the Resource Reservation Protocol - Traffic Engineering (RSVP-TE)
   [RFC5420] Signaling protocol, or those that conform to the MPLS
   Transport Profile (MPLS-TP) [RFC5654] may be identified by inspection
   of the top label in the stack, since at any provider-edge (PE) or
   provider (P) router on the path this is unique to the ingress-egress
   pair at every hop at a given layer in the LSP hierarchy.  Provided

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   that penultimate hop popping is disabled, the identity of the ingress
   LSR of a point to point LSP is available at the egress LSR and thus
   determining the identity of the ingress LSR must be regarded as a
   solved problem.  Note however that the identity of a flow cannot to
   be determined without further information being carried in the
   packet, or gleaned from some aspect of the packet payload.

   In the case of a point to multi-point LSP, and in the absence of
   Penultimate Hop Popping (PHP) the identity of the ingress LSR may
   also be inferred from the top label.  However, it may not possible to
   adequately identify the flow from the top label alone, and thus
   further information may need to be carried in the packet, or gleaned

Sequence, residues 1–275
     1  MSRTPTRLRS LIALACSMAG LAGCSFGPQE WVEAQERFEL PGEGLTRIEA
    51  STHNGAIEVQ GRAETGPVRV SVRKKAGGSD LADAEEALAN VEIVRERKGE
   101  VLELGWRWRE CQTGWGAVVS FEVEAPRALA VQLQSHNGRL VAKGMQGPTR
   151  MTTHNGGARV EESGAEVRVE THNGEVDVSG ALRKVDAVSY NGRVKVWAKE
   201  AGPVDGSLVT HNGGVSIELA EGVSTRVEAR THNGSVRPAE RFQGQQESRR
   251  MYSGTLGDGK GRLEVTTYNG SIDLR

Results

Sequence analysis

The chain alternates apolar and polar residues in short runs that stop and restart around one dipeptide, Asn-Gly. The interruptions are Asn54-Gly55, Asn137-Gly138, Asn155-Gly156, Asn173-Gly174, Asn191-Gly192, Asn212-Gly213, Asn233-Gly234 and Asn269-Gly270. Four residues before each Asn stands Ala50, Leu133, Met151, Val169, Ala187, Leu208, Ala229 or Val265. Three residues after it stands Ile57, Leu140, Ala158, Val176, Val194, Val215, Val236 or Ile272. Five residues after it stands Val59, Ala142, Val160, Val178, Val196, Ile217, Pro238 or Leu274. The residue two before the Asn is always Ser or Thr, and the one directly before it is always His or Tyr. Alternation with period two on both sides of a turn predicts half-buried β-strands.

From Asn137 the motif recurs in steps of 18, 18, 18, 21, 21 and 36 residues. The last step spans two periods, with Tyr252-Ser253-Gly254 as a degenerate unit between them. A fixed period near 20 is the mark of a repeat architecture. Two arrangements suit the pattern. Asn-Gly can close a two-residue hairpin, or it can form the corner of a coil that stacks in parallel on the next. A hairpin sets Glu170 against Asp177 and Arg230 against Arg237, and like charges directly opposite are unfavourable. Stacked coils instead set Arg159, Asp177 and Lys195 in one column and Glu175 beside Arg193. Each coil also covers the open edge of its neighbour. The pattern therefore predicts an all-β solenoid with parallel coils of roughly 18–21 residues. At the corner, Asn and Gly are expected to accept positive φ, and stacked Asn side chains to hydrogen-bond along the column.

from some aspect of the packet payload.  In designing any solution it
   is desirable that a common flow identity solution be used for both
   point to point and point to multi-point LSP types.  Similarly it is
   desirable that a common method of LSP group identification be used.
   In the above cases, a context label [RFC5331] needs to be used to
   provide the required identity information.  This is widely supported
   MPLS feature.

   A more interesting case is the case of a multi-point to point LSP.
   In this case the same label is normally used by multiple ingress or
   upstream LSRs and hence source identification is not possible by
   inspection of the top label by the egress LSRs.  It is therefore
   necessary for a packet to be able to explicitly convey any of the
   identity types described in Section 4.

   Similarly, in the case of a multi-point to multi-point LSP the same
   label is normally used by multiple ingress or upstream LSRs and hence
   source identification is not possible by inspection of the top label
   by egress LSRs.  The various types of identity described in Section 4
   are again needed.  Note however, that the scope of the identity may
   be constrained to be unique within the set of multi-point to multi-
   point LSPs terminating on any common node.

6.  Network Scope